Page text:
U.S. Energy News

2020 Dems get more confrontational with fossil fuels

OIL & GAS: 2020 Democratic presidential candidates are getting more confrontational with the fossil fuel industry as climate change rises as a concern among voters. (Vox)

ALSO:
• Offshore drilling has not been the job creation bonanza that President Trump promised, despite his efforts to deregulate. (E&E News, subscription)
• Alaska Natives and environmental groups sue the Trump administration, alleging that information is being withheld about the impacts of Arctic oil drilling. (Reuters)
• More than three dozen people are injured in an explosion and fire at the ExxonMobil petrochemical plant in Baytown, Texas. (Houston Chronicle)

***SPONSORED LINK: Register today to attend the 2019 Veteran’s Advanced Energy Summit in Chicago, August 13 where the future of energy meets national security. The summit will address the trends, technologies, and policies that are shaping the energy sector.***

CLEAN ENERGY:
• A survey shows Americans expect big changes in their energy sources over the coming decade, including more electric cars and distributed generation. (Reuters)
• Former Obama Energy Secretary Ernest Moniz unveils a decarbonization plan he’s calling the “Green Real Deal.” (Axios)

ELECTRIC VEHICLES: The Massachusetts House unanimously passed a climate bill that would inject $30 million into an electric vehicle rebate program that is set to expire in September. (Energy News Network)

WIND:
• Lobbying efforts are underway to persuade Republicans from coastal states to support tax credits for offshore wind development. (Greentech Media)
• Wind energy advocates say there is potential for wind farms to power New Orleans despite the high costs. (NOLA.com)
• Hundreds of fiberglass wind turbine blades are being disposed of at a Wyoming landfill, but the operator says they’re preferable to oil field waste. (Bloomberg) 

SOLAR:
• Tesla CEO Elon Musk tweets that the company will produce 1,000 solar roofs per week by year’s end, a target analysts say is unlikely. (Greentech Media)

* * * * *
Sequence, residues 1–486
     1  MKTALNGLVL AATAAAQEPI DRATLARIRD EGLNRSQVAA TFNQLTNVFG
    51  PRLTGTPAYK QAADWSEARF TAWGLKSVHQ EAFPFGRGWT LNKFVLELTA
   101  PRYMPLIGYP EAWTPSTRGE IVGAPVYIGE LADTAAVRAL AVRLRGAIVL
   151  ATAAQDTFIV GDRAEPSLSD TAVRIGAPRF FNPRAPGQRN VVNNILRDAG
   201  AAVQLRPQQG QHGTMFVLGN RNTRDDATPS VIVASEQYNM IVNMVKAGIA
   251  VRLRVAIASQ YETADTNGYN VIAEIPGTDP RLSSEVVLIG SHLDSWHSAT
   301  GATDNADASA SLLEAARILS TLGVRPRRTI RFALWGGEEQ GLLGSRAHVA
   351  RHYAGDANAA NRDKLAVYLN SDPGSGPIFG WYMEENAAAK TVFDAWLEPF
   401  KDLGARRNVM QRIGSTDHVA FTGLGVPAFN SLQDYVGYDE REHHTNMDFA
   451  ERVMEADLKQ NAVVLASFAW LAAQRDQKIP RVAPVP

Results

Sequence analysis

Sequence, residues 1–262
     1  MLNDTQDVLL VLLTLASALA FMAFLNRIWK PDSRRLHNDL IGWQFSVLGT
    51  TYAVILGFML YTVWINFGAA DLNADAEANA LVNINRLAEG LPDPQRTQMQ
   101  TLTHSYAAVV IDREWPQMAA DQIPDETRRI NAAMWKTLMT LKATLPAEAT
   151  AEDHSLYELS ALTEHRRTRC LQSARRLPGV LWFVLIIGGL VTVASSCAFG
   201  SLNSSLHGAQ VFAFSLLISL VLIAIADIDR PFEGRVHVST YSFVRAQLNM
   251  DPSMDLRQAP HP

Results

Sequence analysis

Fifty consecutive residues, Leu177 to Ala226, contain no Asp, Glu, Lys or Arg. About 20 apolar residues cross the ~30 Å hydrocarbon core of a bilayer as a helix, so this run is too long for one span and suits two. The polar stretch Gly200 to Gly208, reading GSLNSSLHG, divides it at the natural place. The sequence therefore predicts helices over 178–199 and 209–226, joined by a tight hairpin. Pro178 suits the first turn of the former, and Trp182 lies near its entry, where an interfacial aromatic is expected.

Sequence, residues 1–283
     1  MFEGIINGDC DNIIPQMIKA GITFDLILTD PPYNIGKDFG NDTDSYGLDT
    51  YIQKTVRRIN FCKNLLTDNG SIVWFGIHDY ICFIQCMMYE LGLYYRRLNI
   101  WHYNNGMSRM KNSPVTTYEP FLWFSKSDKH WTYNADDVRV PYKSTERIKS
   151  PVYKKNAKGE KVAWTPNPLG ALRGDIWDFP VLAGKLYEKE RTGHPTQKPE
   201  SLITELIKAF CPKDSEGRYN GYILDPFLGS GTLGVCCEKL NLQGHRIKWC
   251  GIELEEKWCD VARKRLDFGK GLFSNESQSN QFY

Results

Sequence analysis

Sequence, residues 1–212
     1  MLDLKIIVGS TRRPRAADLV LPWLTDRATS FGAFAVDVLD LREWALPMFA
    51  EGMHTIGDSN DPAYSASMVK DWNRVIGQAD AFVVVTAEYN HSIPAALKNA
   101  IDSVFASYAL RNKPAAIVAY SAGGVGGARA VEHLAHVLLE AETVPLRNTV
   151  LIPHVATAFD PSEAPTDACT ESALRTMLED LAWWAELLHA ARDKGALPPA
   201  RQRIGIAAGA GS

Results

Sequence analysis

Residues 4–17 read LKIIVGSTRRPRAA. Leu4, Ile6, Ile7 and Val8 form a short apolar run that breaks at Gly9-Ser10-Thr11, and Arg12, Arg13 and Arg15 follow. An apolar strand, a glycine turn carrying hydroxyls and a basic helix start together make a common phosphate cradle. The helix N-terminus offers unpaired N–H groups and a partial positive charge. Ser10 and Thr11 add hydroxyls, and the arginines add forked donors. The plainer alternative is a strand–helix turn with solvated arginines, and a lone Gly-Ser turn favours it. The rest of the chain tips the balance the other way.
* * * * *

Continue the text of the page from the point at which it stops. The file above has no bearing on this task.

• Developers say New Jersey’s attempt to overhaul the way solar is financed threatens the economic viability of more than 100,000 projects. (NJ Spotlight)
• Half a million dollars in federal abandoned mine funds will help start a solar project at a Wise County, Virginia, data center. (Kingsport Times-News)

STORAGE: A New York storage consortium says state regulators underestimate how many gas peaking units can be replaced by battery storage. (Utility Dive)

TRANSMISSION: Birds are dying from night-time collisions with power lines, but illuminating them with ultraviolet light can reduce crashes. (Scientific American)

COAL:
• A developer has set his sights on defunct coal power plants as venues for upscale urban commerce. (Bloomberg)
• Bankrupt coal company Blackjewel didn’t post bonds to cover the cost of paying its workers as required by state law in Kentucky. (Lexington Herald Leader)
• Blackjewel’s former CEO posts a letter apologizing and promising that half the money recovered would be distributed equally to employees. (WYMT)
• An auction has been set for Blackjewel’s remaining assets. (Associated Press)
• A dust devil sweeps up a “coalnado” on a surface mine in West Virginia. (UPI)

COAL ASH: The EPA proposes to eliminate Obama-era limits on how much coal ash can be used to level ground or fill holes or ravines. (InsideClimate News)

NUCLEAR: The race is on to develop new strategies for permanently storing dangerous radioactive waste from nuclear power plants. (Ensia)

UTILITIES: An investigation finds that energy traders have pulled more than $866 million from California ratepayers over the past 10 years. (Sacramento Bee)

GRID: Last month’s Midwest and Atlantic coast heat waves resulted in the highest U.S. electricity demand since 2017. (Today in Energy)

***SPONSORED LINK: Join us for the 3rd annual Sustainable Fleet Technology Conference & Expo, August 7-8, in Durham, NC. Discover the latest and greatest in advanced vehicles, fuels, technologies, and data-driven solutions.***

CLIMATE:
• U.S. Energy Secretary Rick Perry contradicts President Trump, saying humans do play a role in causing climate change. (CNBC)
• Investors are recognizing climate risks and demanding companies in their portfolios acquire renewable energy for their operations. (Greenbiz)

COMMENTARY:
• An advocate writes that investors and large corporations are pushing clean energy to a tipping point despite a lack of federal policy. (GreenBiz)
• An energy conservation specialist says addressing the climate crisis will require greater housing density in urban centers. (CityLimits.org)
• A journalist (and contributor to the Energy News Network) reflects on the prospects for a just transition in a Colorado coal town. (Mountain Town News)

Comments are closed.